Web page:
7. I can confirm what Rajesh and Four Pillars wrote – I have PPPs set up for 2 TD e-Series mutual fund accounts (TFSA and non-registered), each with 4 different funds. On the transaction day, I end up with 2 withdrawals in my TD chequing account, one for the total purchase amount for each mutual fund account.

  8. Canadian Capitalist

    Rajesh, Mike, Jeff: Thanks for the correction. I’ll update the post to reflect it. I’ll mention that setting up a PPP for each of the e-Series fund purchase, letting the CESG accumulate in a Money Market fund and use it to rebalance the portfolio every few months.

  9. CC I appreciate you posting my question and thanks for all the help from everyone else.

    I finally got around to getting this going and I purchased the initial minimums for my 4 funds for both accounts and was just about to setup the PPP.

    I was wondering how it would handle doing 8 transactions every few weeks. I like the simplicity of the PPP to a money market fund and just to clarify I won’t be charged anything for switching the investments from the money market to the e-series funds, right?

    Rajesh, does the CESG automatically purchase the money market fund or did you have to set something up for that to happen.


  10. Canadian Capitalist

    Talkinggoat: Yes, there is no minimum holding period for the money market fund. That’s exactly how I have set up our accounts. I made one purchase transaction to buy the money market fund (that would be my RESP contribution for the year) and a couple of days or so later, switch into the four e-Series fund in the portfolio. I’ve never been charged a fee for switching out of the money market fund. Also, the CESG shows up in the money market fund about 4 to 8 weeks after the contribution.

  11. Talkinggoat,

    I opened the RESP account as a TD Mutual funds RESP account at a branch. As part of opening the account, there is a section titled “CESG Fund Allocation”. I elected to put 100% into the TD Money Market Fund.

    On conversion to an E-Funds account, the same instruction carried over.

  12. CC: The amounts involved in each transaction is very small. I am wondering if everyone doing this will increase the costs involved on TD’s part. As result, wouldn’t TD increase its MERs of TD e series as a result?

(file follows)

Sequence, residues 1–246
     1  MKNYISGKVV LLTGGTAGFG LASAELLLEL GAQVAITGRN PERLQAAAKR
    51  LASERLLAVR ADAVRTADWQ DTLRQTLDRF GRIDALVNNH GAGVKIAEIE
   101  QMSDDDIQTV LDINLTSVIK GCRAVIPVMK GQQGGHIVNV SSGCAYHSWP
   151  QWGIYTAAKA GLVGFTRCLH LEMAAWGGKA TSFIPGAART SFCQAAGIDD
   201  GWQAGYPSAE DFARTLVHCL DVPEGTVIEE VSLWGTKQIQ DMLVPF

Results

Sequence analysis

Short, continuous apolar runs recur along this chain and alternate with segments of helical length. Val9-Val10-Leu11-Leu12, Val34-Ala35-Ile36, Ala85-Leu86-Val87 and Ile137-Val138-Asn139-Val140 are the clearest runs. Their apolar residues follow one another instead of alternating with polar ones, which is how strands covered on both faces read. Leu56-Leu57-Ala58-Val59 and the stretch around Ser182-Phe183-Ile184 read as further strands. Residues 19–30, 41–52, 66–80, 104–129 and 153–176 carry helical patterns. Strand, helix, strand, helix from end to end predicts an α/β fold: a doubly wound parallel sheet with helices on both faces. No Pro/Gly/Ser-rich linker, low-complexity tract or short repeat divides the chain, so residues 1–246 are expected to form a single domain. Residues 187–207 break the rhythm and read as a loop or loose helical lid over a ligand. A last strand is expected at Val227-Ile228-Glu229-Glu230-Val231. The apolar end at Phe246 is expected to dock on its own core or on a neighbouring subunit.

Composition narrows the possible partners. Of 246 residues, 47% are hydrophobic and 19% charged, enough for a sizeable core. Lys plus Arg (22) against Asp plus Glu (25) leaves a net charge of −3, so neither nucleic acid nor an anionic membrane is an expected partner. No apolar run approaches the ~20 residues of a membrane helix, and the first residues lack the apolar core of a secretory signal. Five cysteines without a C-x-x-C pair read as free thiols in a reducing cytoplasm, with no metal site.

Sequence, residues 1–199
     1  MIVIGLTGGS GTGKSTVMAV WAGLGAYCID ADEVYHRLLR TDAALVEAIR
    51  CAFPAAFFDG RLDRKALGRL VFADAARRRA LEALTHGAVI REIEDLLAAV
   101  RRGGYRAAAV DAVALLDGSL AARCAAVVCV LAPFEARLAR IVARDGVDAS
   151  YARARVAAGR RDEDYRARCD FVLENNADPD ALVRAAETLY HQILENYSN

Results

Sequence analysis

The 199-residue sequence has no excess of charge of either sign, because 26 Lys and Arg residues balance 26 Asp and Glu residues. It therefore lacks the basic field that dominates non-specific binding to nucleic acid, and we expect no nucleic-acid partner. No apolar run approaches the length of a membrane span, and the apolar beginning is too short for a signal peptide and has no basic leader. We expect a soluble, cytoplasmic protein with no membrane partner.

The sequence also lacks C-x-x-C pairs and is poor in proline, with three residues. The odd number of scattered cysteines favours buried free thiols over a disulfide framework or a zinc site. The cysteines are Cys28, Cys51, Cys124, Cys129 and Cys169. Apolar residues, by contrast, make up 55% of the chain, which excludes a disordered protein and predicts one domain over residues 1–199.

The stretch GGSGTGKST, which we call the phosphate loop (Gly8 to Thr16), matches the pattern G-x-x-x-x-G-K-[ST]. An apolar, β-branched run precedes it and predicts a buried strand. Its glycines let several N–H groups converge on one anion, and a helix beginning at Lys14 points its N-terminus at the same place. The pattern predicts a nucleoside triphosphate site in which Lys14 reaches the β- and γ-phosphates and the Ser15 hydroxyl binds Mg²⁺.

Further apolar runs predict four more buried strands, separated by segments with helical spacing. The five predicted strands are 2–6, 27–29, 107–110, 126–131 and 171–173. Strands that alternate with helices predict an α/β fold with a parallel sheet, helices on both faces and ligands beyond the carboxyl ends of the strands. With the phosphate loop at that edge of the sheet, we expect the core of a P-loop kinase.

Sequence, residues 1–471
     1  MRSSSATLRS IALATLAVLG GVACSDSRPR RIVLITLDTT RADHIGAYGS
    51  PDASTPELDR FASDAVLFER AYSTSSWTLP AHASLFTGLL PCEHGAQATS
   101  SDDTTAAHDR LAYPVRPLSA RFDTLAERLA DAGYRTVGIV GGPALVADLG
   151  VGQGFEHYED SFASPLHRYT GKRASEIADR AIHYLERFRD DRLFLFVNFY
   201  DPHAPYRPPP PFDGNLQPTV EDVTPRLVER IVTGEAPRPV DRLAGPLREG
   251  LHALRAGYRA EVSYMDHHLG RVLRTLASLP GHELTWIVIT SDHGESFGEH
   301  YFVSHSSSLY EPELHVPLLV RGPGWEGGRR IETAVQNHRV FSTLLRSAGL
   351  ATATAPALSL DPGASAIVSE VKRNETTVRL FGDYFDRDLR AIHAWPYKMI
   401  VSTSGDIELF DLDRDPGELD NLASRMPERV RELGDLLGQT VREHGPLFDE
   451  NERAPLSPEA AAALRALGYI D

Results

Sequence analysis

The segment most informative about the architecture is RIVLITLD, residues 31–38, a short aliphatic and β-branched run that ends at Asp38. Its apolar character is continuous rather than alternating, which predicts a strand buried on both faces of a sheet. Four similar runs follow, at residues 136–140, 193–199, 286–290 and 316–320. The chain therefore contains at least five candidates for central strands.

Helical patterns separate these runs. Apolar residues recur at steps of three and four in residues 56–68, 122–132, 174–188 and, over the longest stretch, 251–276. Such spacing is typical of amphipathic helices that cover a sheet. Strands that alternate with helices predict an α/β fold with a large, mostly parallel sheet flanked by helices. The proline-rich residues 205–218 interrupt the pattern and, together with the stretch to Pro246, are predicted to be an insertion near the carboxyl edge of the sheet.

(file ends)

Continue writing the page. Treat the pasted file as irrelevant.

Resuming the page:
13. One other point I should mention is that “switching” from the Money Market fund, once sufficient CESG grant has been accumulated in that fund, to an e-series fund is not considered a pre-authorized purchase, and a minimum purchase of $100 of a fund is required.

  14. I just had a look at the RESP website and it sounds like both child and parent(s) need a SIN number. Then I look at the requirements for a SIN number and it sounds like only children aged 12 and older can get a SIN number. So does that mean I have to wait until my child is 12 to get an RESP? Am I wrong?

  15. Oops, looks like I didn’t read far enough. Here’s what it says:

    Children who are 12 years of age or older may apply for their own SIN.

    Parents and legal guardians can also apply for a SIN for children under the age of majority of their province.

    I didn’t read the second paragraph.

  16. Just to clarify, I have setup exactly what the poster wants. I made an initial deposit of $100 in each of the funds, and then make monthly withdrawls into each fund (roughly 20/20/30/30 bonds/us/cdn/int’l equity) and the match from the government goes into money market fund. So I put in $208 each month (total $2500 for the year) in e-funds and two months later I get $42 in my money market fund, which I can then switch into one of the funds already opened. The hard part is keeping the math straight. So though you may need $100 for an initial deposit in a fund, you don’t need to put in $100 each time.

  17. Canadian Capitalist

    EconStudent: I’ve heard the RESP is a kind of loss-leader — institutions offer it for the sake of completion and would rather not have to deal with it considering the amounts invested are rather small and the participation rate is fairly low. Still, I can’t imagine the RESP accounts increasing TD’s overall costs for e-Series funds as they are set up and managed online by DIY investors with minimal manual intervention.

    Rajesh: Thanks for the clarification. I recall now that I did the same thing: opted to put the CESG into a money market fund when I first established these accounts.

  18. Our TDW RESP is a family account. I deposit the same $200 every 2 weeks for our 2 kids to max out the CESG. I have a spreadsheet keeping track of each kid’s share, but in the event one kid doesn’t go to school over my dead body, the money can be used for the good kid. (j/k)